Subtidal, usually found at depths between 0 to 30 m; in coral reefs and sandy bottoms.
This oval seagrass with hairy leaves is usually seen in deeper waters, and sometimes also on the intertidal.
Hairy spoon seagrass is the only pan-tropical seagrass species and found in the Caribbean and Indo-Pacific. This global distribution is believed to be the result of recent colonisation as there is little genetic divergence among the plants. This suggest that the species is capable of long distance dispersal. It is found from deeper waters and also in reef and sandy habitats. It seems tolerant of low light conditions and in very clear waters has been recorded (elsewhere) to depths greater than 50m.
Features: The seagrass has oval leaves that are longer (1-2.5cm) than the width (0.5cm). There are minute serrations on the leaf edge and minute hairs on both sides of the leaf. It has thin, smooth, white rhizomes (underground stems). The leaves emerge in pairs from these rhizomes.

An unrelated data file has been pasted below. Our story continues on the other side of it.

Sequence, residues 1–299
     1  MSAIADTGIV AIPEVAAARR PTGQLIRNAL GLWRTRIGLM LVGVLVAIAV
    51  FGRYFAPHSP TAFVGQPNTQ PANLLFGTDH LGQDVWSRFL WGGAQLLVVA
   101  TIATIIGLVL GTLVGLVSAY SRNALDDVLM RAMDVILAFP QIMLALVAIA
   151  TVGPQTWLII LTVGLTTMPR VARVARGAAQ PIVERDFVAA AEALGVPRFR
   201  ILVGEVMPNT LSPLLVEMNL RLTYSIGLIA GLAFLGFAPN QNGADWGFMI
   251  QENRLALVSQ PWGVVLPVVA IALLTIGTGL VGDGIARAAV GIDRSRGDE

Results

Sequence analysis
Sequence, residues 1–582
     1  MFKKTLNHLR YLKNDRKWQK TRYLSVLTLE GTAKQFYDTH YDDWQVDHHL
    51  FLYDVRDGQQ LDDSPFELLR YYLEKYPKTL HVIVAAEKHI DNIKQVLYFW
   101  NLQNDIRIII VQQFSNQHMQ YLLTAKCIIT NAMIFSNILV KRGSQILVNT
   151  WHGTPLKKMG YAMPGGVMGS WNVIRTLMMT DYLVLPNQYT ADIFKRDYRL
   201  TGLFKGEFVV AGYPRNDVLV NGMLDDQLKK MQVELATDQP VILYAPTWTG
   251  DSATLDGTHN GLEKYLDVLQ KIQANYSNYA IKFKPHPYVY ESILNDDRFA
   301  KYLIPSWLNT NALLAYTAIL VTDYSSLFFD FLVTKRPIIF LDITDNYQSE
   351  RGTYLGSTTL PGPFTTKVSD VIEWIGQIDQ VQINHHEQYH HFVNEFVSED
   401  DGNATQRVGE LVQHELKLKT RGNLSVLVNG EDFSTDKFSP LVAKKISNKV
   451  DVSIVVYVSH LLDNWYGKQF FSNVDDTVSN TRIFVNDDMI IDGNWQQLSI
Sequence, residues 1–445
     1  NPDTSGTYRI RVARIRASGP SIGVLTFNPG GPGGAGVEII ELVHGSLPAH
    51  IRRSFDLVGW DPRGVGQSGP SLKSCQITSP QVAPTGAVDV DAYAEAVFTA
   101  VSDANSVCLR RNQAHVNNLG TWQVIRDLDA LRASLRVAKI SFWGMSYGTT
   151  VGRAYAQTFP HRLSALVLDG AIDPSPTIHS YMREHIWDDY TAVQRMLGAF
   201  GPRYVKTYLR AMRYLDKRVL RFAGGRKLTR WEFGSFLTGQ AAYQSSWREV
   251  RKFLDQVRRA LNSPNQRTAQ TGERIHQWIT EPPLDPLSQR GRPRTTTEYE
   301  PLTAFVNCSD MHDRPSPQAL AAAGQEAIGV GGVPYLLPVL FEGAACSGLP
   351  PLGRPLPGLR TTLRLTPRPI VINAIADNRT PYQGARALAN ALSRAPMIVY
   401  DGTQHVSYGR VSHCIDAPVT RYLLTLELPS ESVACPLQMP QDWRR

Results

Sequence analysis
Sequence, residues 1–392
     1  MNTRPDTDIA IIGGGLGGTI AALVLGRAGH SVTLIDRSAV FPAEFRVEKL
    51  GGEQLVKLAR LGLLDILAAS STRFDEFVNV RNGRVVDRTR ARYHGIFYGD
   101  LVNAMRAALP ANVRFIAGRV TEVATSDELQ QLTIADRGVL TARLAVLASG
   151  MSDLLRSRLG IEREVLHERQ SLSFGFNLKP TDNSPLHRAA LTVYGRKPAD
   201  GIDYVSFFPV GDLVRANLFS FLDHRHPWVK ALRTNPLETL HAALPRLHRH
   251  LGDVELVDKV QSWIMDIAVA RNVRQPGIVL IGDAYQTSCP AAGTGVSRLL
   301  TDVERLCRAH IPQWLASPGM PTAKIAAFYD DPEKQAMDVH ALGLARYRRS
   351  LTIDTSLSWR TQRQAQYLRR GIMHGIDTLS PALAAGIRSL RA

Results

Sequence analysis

Flowers and fruits: Small green fruits (0.5cm) contain up to 30 tiny seeds. The species sometimes behaves as an annual, growing, flowering, setting seed and dying in a short period of time.
Role in the habitat: This seagrass may be an important food source for marine grazers.
Status and threats: It was first recorded in Singapore in 2008, from specimens found off Pulau Semakau at a depth of about 8m. It has since been sighted at other locations in waters off the Southern islands and on the intertidal in the North.
Text source: Wildsingapore